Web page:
Tradition reports that Colonel Gore resolved to compel Catholic tenants to become Protestants, but the Dolans of Aughawillin, Lislaughy, Liscrudy, and Lisroughty, refused to abandon the Catholic faith, and were therefore evicted from Lislaughy, etc., and their farms given to Protestants and 'verts named Whelan, who changed their name to Heylin, on whom their neighbours fastened the sobriquet of the Mawleens, or "little bags."

Patrick Dolan, who was one of the evicted, came from Lislaughry to Lisnatullaugh, where his family still remain; but a branch of the family is gone back to pat of his farm of Lislaughy. It is believed that the Dolans of the counties of Meath and Louth are descended from a brother of this Patrick Dolan.

1. Terence Dolan now (1887) of Lislaughy is about thirty years of age, and is son of:

2. James Dolan and Mary McGauran of Lislaughy. This James is son of:

3. Peter Dolan, late of Lisnatullaugh and Lislaughy, by his wife Mary Dolan, by whom he had—1. James, 2. Peter, 3. Thomas, who is (1887) a Catholic Priest in Howth, diocese of Dublin; 4. Michael (deceased); 5. Charles, who married Margaret O'Rourke, and has a large family; and three daughters, one of whom, the eldest, Anne, is now a Nun in the Loretto Convent, Kilkenny, the second was married to Mr. Eugene Quinn, of Kildra House, parish of Mohill, and left issue, and the third, Catherine, m. Charles Ward and has issue. This Peter (No. 3) was son of:

4. Tiernan Dolan of Lisnatullaugh, by his wife Abigail McGauran. This Tiernan was son of:

5. Patrick Dolan and his wife Catherine Routledge, of Lislaughy and Lisnatullaugh, This Patrick was son of:

6. Charles Dolan and his wife Mary McGauran, of Aughawillin, Lislaughy, Liscrudy, and Lisroughty. This Charles was son of:

7. Felim Dolan and his second wife Anne O'Rourke, of Aughawillin, Lisloughy, etc. And this Felim was son of:

8. Roger, abovementioned, who was son of:

9. Cormac Dolan, by his wife — McGauran, the daughter of "Blind Terry." And Cormac was son of:

10. Bryan Dolan, of Killargy, by his wife, whose name we may assume was also McGauran. This is the Bryan Dolan, above mentioned, who with his two sons Cormac and Charles, settled in the neighbourhood of Ballymagauran, towards the end of the sixteenth century.


[1] Dolan: See the Dowling pedigree for another "Dolan" or "O'Dolan" family. We believe, however, that this family is a branch of the O'Dolan family, mentioned in p. 359, ante, as descended from Fiacha Suidhe, one of the two brothers of Conn of the Hundred Battles. That "O'Dolan" family was (see MacDermott's Map of Ancient Ireland, at the end of Connellan's Four Masters,) located near Croagh Patrick, in the county of Mayo. Others say that this "Dolan" family derives its name from Eochaidh Dubhlen, who is No. 84 on the "O'Hart" pedigree, and that, in early times, the MacGaurans were of the same stock as the O'Dolans. Be this as it may, it is worthy of remark that (See Lewis's Topographical Dictionary of Ireland), from time immemorial, these two families in the barony of Tullaghagh, county Cavan, have been proverbial for their intermarriages. In proof of this assertion we may add the following observations:—Patrick Dolan, of Lislaughy and Lisnatullaugh, was the son of Charles Dolan and Mary McGauran. He had six sons: Jack, Tiernan, Thomas, Rodger, Felim, and Patrick. Two of these, Tiernan and Felim, were married to McGaurans; and Felim was married a second time to a McGauran. Jack and Rodger were married to two Dolans. He had three daughters: one was married to a Dolan, and the other to a Heavey, whose mother's name was McGauran. Jack Dolan, the eldest son of Patrick Dolan, had four sons and three daughters: the sons were, Thomas, Philip, Patrick, and Charles. Thomas and Patrick were married to McGaurans; Philip, to McManus; and Charles, to McGuire. Two of the daughters married McGaurans, and one an O'Rourke.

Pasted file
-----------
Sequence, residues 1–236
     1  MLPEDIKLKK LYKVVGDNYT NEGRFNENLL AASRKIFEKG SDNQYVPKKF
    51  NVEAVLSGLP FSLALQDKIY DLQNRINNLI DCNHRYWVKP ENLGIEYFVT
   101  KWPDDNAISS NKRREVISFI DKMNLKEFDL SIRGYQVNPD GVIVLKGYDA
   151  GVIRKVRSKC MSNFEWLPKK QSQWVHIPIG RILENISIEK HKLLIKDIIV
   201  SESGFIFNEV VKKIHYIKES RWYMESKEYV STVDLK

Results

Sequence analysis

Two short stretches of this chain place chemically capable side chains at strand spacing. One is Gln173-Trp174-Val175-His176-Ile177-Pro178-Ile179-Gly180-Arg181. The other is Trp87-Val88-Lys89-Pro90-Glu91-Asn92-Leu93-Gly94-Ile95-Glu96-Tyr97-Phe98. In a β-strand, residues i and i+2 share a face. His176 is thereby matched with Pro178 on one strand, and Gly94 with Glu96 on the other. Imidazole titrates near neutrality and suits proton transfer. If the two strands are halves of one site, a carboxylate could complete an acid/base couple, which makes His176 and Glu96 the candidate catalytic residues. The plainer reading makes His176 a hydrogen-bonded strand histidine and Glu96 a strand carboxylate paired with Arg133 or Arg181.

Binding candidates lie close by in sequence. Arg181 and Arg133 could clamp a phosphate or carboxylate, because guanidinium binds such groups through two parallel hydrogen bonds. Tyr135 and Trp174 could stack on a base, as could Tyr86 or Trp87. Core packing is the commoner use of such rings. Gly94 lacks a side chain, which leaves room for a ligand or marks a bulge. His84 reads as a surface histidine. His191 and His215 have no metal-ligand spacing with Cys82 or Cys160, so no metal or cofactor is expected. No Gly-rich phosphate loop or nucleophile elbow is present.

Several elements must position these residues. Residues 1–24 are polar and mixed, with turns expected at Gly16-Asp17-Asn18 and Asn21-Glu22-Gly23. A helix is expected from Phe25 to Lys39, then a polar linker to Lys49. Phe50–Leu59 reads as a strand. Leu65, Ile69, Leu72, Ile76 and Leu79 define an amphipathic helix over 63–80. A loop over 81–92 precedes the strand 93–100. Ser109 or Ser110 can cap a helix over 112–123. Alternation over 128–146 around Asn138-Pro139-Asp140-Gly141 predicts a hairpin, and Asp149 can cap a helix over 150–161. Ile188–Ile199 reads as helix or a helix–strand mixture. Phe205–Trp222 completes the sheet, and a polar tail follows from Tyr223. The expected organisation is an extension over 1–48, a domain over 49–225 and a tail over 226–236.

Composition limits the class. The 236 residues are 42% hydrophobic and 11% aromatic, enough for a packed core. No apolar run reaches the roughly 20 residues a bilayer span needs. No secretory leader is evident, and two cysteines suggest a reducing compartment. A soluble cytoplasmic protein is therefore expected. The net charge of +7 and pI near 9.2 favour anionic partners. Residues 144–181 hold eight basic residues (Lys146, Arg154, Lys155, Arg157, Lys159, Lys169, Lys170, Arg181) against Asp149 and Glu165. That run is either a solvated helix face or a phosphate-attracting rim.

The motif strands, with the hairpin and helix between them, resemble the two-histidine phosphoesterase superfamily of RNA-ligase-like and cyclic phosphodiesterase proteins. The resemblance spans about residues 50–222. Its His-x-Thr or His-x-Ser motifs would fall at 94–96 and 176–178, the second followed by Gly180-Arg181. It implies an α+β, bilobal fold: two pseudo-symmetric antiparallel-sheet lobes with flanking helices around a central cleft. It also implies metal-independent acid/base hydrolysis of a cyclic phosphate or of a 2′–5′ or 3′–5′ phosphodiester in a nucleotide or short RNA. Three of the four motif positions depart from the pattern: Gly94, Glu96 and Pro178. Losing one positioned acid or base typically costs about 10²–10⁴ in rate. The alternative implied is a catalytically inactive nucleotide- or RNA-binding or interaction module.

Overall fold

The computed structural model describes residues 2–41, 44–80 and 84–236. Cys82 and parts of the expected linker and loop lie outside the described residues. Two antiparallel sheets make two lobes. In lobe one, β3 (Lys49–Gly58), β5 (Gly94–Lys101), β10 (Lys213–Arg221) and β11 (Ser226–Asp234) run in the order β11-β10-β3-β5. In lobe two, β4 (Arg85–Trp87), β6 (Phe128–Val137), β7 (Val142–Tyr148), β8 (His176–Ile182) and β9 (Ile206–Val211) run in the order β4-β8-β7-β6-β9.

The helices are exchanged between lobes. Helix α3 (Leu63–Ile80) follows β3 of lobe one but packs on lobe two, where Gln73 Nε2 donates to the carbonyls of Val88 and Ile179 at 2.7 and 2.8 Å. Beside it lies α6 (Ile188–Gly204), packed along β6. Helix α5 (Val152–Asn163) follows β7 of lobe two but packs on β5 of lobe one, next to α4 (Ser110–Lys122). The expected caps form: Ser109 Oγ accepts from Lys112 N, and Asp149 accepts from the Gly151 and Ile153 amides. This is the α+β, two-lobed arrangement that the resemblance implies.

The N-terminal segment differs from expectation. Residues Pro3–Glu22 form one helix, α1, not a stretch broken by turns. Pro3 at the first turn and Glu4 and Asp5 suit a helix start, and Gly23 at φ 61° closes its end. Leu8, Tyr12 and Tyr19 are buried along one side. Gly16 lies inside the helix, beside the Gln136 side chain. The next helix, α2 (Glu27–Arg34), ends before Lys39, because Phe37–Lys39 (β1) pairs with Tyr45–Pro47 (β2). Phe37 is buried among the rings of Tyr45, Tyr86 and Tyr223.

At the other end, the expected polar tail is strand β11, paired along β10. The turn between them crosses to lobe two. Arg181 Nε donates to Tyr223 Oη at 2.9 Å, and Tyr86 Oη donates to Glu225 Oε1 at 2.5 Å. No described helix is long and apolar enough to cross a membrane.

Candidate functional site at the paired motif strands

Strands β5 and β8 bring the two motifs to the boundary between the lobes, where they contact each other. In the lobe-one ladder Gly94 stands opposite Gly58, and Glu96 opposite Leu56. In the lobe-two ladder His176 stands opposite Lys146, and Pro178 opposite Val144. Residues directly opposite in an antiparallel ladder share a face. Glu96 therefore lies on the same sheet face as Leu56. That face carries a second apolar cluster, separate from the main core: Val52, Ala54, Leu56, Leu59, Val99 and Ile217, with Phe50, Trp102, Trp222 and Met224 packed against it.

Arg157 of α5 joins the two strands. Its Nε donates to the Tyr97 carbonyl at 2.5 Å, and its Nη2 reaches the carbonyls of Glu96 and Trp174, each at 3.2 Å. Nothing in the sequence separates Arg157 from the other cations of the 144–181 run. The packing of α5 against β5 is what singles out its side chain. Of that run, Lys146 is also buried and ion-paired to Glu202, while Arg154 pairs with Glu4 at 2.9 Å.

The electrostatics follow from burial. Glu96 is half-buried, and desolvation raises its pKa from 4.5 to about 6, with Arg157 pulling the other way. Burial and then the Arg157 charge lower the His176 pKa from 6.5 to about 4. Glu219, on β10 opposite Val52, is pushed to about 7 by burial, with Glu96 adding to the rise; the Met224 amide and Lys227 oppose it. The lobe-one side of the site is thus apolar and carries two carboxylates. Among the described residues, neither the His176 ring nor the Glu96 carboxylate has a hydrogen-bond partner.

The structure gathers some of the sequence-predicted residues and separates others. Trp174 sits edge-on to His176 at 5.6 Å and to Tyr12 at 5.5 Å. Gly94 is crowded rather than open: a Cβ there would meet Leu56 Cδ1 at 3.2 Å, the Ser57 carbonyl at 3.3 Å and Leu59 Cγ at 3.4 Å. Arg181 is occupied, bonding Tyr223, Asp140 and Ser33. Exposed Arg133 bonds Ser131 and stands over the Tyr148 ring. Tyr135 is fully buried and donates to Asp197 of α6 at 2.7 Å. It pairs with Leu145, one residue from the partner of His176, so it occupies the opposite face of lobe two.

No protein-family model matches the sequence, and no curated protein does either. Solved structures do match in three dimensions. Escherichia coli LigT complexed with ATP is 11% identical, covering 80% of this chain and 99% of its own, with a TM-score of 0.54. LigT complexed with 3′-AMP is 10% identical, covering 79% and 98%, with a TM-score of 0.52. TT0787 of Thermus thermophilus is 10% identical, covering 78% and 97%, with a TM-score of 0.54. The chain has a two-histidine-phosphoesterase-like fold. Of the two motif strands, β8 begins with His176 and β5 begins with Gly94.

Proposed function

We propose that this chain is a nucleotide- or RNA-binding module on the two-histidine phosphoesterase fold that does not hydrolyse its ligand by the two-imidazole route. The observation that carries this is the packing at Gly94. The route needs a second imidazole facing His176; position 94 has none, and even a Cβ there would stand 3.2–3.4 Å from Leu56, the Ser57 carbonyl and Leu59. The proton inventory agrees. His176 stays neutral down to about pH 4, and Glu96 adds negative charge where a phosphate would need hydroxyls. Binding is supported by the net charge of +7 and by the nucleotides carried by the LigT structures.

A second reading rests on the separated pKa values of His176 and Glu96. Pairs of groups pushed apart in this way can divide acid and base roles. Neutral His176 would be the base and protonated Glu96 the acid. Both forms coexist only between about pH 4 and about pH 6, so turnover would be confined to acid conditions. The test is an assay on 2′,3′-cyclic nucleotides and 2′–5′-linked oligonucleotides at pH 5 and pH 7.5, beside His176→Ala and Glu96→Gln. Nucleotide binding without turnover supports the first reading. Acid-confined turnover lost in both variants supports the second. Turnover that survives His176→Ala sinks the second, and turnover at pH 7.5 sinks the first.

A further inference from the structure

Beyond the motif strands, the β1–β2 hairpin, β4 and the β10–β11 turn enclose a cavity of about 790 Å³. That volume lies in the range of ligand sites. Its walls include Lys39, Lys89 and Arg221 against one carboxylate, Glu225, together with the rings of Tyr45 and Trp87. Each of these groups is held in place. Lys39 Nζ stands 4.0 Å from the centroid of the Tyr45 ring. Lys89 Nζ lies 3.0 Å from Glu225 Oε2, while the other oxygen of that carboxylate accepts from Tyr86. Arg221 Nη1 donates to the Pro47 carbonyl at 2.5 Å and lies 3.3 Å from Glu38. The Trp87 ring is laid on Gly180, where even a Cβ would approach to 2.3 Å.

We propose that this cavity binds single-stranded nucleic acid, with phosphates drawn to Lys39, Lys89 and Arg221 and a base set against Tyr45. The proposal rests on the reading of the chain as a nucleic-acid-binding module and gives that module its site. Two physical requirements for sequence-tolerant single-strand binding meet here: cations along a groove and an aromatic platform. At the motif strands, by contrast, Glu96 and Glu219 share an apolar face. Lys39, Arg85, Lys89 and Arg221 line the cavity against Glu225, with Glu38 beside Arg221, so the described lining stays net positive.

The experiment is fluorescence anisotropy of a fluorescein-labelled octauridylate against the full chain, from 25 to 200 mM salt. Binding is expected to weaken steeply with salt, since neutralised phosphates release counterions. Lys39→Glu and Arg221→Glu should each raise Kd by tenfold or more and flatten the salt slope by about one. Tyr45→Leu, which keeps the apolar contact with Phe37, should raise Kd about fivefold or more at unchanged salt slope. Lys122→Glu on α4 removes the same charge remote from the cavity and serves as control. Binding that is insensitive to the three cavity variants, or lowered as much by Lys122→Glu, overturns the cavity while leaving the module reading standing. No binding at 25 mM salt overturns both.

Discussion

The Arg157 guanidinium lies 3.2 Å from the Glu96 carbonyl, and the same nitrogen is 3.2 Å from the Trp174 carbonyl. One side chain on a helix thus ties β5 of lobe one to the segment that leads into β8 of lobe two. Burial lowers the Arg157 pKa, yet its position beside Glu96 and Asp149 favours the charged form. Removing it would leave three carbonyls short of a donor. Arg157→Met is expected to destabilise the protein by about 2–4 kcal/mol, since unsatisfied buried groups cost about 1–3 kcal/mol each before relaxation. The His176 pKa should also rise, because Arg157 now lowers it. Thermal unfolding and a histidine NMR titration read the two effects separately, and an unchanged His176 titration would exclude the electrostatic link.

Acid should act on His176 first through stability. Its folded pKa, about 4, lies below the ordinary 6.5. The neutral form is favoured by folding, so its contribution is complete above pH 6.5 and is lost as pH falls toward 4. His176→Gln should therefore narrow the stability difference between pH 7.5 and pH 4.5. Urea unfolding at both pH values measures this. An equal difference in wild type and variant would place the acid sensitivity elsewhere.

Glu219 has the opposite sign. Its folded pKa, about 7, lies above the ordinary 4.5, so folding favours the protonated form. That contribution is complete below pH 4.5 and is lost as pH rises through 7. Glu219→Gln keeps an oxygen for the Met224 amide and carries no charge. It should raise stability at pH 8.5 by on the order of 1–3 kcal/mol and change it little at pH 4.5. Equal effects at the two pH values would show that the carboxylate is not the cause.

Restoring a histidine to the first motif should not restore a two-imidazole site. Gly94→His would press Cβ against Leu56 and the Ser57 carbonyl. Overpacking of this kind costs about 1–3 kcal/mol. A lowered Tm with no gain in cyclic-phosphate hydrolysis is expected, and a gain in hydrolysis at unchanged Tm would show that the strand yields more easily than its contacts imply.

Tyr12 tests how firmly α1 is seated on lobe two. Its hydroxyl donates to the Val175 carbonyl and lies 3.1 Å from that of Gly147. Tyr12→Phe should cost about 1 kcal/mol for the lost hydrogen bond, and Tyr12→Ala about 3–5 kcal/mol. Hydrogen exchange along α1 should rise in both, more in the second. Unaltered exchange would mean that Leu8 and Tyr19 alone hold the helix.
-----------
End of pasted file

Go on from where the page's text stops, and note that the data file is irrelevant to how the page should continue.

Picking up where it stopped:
Tiernan Dolan had two surviving sons: Tiernan and Peter. Tiernan is a Catholic priest; and Peter was married to a Dolan.

Thomas Dolan had three sons: Patrick, John, and Thomas; and four or five daughters. The eldest son, Patrick, married a McGauran; and of the daughters two married McGaurans.

Rodger died without issue. Felim left two sons and one daughter, and she married a McGauran.

Patrick Dolan had three sons and two daughters: the sons and one daughter went to America; and the eldest daughter married an O'Rourke.

Abigail McGauran, the wife of Tiernan Dolan, was the daughter of Peter McGauran and Catherine McAuley. Peter McGauran had four sons: John, Eugene, James, and Edward; and three daughters: Ellen, Catherine, and Abigail. John was married to a McGuire, Eugene to a McGauran, James to a Dolan, and Edward to a McGauran. One daughter married a Dolan, one a McGauran, and the other an O'Haran.

[2] Themselves: It is a tradition in the locality that a man named McGaughran killed the husband of Blind Terry's daughter; and that her son grew up under the care of his mother's family, and was much esteemed by them.